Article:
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Favorite Literary SF Characters?

SFSignal is asking its readers to vote on their favorite literary SF characters.

Which characters are your favorites?

(I had to limit myself, or I'd just go on and on...)

1. Mr. Dunworthy from Connie Willis's The Doomsday Book and To Say Nothing of the Dog

2. and 3. Aral Vorkosigan and Cordelia Naismith Vorkosigan from Lois McMaster Bujold's Vorkosigan series

4. Professor de la Paz from Robert Heinlein's The Moon is a Harsh Mistress

5. Duncan Idaho from Frank Herbert's Dune series (after whom I named my very first car)

6. Emilio Sandoz from Mary Doria Russell's The Sparrow and Children of God

"Most things grow old and perish, as the centuries go on and on. Very few are the precious things that remain precious, or the tales that are still told."
- Ursula K. Le Guin, The Tombs of Atuan


( 28 comments — Leave a comment )
Nov. 15th, 2006 02:57 pm (UTC)
Yikes, I must have read less science fiction than I thought, or else I don't remember my characters very well. I had a look at the list at Wikipedia, and I could pick only one I could call a favorite without even thinking about it -- Elwin Ransom from CS Lewis' space trilogy.

*goes off to the library to check out some SciFi*
Nov. 16th, 2006 12:10 am (UTC)
Ransom! Good choice. CSL is always relevant, isn't he?

Happy SF-ing!
Nov. 15th, 2006 03:26 pm (UTC)
Jeez! Tough one-- I'll go with a short list, too!

1) Peewee from RAH's Have Space Suit, Will Travel

2) Victor Grego from H. Beam Piper's Fuzzy books, for his wonderful character transformation

3) Speaking of great transformations, going to go with Mark Remillard from Julian May's Pliocene Exile and Galactic Milieu books, though there are literally dozens of memorable characters from these books.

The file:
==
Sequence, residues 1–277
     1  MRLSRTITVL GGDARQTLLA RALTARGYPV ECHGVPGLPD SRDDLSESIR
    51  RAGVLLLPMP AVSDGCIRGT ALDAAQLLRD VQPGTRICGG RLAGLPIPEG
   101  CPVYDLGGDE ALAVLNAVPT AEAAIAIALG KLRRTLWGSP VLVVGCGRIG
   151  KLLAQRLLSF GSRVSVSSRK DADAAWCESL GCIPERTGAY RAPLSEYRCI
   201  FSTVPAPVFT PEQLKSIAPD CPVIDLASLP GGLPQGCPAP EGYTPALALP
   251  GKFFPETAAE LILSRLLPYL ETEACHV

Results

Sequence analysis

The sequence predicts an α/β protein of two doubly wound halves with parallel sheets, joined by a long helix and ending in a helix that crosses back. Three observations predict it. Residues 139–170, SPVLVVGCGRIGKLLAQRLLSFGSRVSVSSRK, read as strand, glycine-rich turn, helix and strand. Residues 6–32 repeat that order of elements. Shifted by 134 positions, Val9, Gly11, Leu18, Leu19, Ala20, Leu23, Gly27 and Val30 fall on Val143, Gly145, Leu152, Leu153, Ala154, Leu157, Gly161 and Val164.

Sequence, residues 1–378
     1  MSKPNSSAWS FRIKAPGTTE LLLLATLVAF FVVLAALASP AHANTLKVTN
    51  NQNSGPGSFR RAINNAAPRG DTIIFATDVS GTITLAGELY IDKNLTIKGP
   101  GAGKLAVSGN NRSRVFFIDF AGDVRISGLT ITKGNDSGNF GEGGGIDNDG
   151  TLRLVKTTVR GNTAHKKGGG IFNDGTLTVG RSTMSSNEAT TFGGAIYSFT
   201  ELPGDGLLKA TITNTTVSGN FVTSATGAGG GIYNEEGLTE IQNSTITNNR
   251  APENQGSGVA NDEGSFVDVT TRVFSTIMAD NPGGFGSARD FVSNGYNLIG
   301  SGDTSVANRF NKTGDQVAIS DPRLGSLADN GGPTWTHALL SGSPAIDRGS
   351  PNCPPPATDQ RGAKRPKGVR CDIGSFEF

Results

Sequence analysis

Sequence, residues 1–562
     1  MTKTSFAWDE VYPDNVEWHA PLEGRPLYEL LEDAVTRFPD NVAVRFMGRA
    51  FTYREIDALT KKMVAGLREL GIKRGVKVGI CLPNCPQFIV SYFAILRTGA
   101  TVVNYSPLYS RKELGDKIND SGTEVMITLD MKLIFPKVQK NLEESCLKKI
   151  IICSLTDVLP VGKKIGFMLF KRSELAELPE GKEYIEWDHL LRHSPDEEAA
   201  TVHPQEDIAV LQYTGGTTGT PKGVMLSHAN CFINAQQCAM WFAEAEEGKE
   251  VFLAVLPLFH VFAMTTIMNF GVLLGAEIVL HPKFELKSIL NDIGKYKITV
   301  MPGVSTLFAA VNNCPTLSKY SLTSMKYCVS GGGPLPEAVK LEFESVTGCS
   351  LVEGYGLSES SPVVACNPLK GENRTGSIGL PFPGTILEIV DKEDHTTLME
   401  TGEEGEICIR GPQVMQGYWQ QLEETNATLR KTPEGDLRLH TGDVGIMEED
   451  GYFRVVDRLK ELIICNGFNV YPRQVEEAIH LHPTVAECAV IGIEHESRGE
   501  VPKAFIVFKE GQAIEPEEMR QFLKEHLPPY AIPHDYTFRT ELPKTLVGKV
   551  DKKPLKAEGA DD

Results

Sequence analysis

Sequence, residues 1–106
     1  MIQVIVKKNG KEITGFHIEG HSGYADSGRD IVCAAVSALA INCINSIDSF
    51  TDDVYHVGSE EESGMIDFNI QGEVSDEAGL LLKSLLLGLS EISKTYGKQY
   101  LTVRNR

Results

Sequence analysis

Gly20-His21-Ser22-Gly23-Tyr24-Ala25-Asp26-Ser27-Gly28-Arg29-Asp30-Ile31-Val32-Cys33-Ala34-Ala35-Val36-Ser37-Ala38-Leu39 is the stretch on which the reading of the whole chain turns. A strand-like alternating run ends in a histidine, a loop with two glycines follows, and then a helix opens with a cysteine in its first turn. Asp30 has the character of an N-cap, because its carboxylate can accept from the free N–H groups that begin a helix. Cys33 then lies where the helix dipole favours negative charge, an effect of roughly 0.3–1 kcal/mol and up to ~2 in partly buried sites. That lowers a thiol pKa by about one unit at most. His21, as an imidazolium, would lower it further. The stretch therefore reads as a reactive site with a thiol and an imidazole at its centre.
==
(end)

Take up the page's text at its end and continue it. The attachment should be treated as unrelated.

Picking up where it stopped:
4) Molly/Sally from William Gibson's Neuromancer trilogy.

5) Rydell from Gibson's Virtual Light trilogy

6) Lawrence Waterhouse from Neal Stephenson's Cryptonomicon, though it's a close call!

Ok, that's it for me, or, as Lady Constance from Gosford Park said, "Don't, don't, please don't encourage him, he'll just go on and on."
Nov. 15th, 2006 03:49 pm (UTC)
5) Rydell from Gibson's Virtual Light trilogy
6) Lawrence Waterhouse from Neal Stephenson's Cryptonomicon

And this is why I crossed off "Marry exactly the right woman" from my to-do list long ago.

My list is forthcoming.
Nov. 15th, 2006 04:44 pm (UTC)
Heee... you are made of awesome!!!
Nov. 16th, 2006 12:13 am (UTC)
Ha! You are both made of awesome. Your posts have made my day. These are great choices -- especially Molly/Sally. Now that I think about it, Dixie Flatline was a favorite of mine, as well. And Peewee - good call.
Nov. 15th, 2006 03:30 pm (UTC)
That's just too broad to be fair... How do you even start pulling names out of your head? And, like lin4gondor, I guess I really don't read that much straight sci fi. More of a fantasy gal, myself.

But if you are going to count In the Days of the Comet (which really isn't) I'd have Willie Leadford on the list.

Arthur Dent from Hitchhikkers.

Augh! I'm going completely blank here...!
Nov. 16th, 2006 12:14 am (UTC)
We might disagree about In the Days of the Comet being SF, but then again, that's more semantics than anything else. Great character choice, at any rate. Arthur Dent, definitely. :)
Nov. 15th, 2006 04:00 pm (UTC)
Let's see. This is just off the top of my head but I think that it says a lot for these characters that they came to my mind so quickly:

1) Bobby Shaftoe from Neal Stephenson's Cryptonomicon

2) Chia Pet McKenzie from William Gibson's Idoru

3) Aiken Drum from Julian May's Saga of Pliocene Exile

4) Duncan Idaho from Frank Herbert's Dune

5) Chrysalis from the Wild Cards shared-world series

Nov. 15th, 2006 04:46 pm (UTC)
You ARE Aiken Drum! :D

(Marry perfect man-- check!)
Nov. 15th, 2006 05:19 pm (UTC)
Aiken Drum, Duncan Idaho, something of a theme, there.